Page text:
5 ways to keep your feet healthy for better mobility
Feet are easy to neglect — but it pays dividends when you take care of them. As we age, chronic foot pain and common foot problems (such as tendinitis, bunions, and arthritis) can increasingly limit mobility.
But taking a few simple steps to care for your feet can help you preserve — or even improve — your mobility. Here are five of our favorites.Get your copy of Mobility and Independence
1. Maintain a healthy weight. Being overweight affects your feet by putting greater force on them with each step. It can also increase your risk of having a condition like arthritis in the feet and worsen pain from other foot problems. Being overweight can also harm foot health by putting you at higher risk for diabetes or poor blood circulation, which can lead to foot pain and loss of sensation in the feet.
2. Wear good shoes. Shoe fashions come and go, but a lifetime of wearing comfortable shoes is one of the best preventive measures you can take to ensure your mobility. Wearing tight shoes or high heels now and then for a night out won't cause lasting damage. But when you know you'll be on your feet most of the day, choose supportive, comfortable shoes. Invest in well-fitting athletic shoes for running, aerobics, and other high-impact activities.
3. Moisturize your feet. The skin of the feet tends to get thinner and drier with age; callused feet can crack and bleed, causing pain. To keep the skin soft, rub a thick moisturizing lotion into your feet after showers or baths as needed (but avoid the spaces in between the toes, where too much moisture can lead to infections).
4. Practice good foot hygiene. Wash and dry your feet thoroughly when you shower or bathe. Cut toenails straight across to avoid ingrown nails. Use a pumice stone or foot file to gently remove calluses. If you wear nail polish on your toes, keep the nails healthy by letting them "breathe" for a couple of days after you remove it and before adding more.
5. Stretch your feet. People don't usually think about stretching the tops and bottoms of their feet, but stretches can help you treat — and prevent — foot pain. Stretches for the Achilles' tendon are also important.
For more ways to preserve your mobility as you age, buy Mobility and Independence, a Special Health Report from Harvard Medical School.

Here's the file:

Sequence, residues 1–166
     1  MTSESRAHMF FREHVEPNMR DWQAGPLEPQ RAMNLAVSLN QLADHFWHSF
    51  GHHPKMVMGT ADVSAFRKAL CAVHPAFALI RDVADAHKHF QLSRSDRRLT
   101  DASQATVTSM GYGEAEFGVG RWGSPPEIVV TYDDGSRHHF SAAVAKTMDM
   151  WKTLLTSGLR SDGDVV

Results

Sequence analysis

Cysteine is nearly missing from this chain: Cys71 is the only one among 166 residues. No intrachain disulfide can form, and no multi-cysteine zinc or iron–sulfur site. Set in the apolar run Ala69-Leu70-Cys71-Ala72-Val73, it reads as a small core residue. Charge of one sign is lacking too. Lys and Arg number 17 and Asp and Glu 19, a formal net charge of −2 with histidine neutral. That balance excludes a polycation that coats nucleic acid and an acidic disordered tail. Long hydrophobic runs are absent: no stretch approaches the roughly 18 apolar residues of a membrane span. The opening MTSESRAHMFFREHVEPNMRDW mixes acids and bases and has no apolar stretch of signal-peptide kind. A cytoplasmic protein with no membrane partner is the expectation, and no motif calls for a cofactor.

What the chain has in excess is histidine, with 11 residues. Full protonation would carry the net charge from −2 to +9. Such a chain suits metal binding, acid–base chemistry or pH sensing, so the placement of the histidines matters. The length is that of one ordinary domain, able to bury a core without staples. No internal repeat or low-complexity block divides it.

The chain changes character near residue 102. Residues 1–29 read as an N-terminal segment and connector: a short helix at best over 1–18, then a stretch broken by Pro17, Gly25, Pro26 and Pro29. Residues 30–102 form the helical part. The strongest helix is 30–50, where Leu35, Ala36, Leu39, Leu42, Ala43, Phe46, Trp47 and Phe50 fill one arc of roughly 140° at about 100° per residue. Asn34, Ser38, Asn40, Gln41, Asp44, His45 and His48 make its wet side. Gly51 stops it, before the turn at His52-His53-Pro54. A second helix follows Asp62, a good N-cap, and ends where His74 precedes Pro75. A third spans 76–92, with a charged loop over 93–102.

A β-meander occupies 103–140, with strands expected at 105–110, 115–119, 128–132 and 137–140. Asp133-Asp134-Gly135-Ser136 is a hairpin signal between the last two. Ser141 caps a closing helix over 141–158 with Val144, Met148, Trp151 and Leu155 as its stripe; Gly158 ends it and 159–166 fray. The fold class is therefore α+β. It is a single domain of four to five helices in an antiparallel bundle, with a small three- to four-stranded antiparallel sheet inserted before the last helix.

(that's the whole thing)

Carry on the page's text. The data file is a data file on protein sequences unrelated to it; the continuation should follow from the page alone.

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What type of mattress is best for people with low back pain?
Back pain is one of the top reasons that people begin to lose mobility in middle age. Pain can keep people from engaging in physical activity, making it more difficult for them to maintain a healthy weight and keep up their strength, stamina, and balance as they age. So treating and managing back pain that results from injuries or health problems is crucial for staying on the path of a healthy and active life.
Considering that most people spend roughly a third of their lives lying in bed, choosing the right mattress is essential for managing low back pain. It can make the difference in whether you can sleep at night and function the next day.
In the past, doctors often recommended very firm mattresses. But one survey of 268 people with low back pain found that those who slept on orthopedic (very hard) mattresses had the poorest sleep quality. There was no difference in sleep quality between those who used medium-firm and firm mattresses.
Soft mattresses, on the other hand, can also be problematic. While a soft mattress that conforms to your body's natural curves may help the joints align favorably, you might also sink in so deeply that your joints twist and become painful during the night.
If you want to find out whether a firmer mattress would feel better than the one you're currently using, try putting a plywood board under your mattress to dampen the movement from the bedsprings, or try placing your mattress on the floor.
Of course, you can also go to a mattress showroom and test a variety of models. But keep in mind that what feels comfortable for a few minutes in a store might not translate into a good night's sleep. A more reliable test is to observe how you feel after sleeping on different types of mattresses while away from home — for example, at a hotel or a friend or relative's house.
For more on how to preserve your mobility so you can stay active, buy Mobility and Independence, a Special Health Report from Harvard Medical School.
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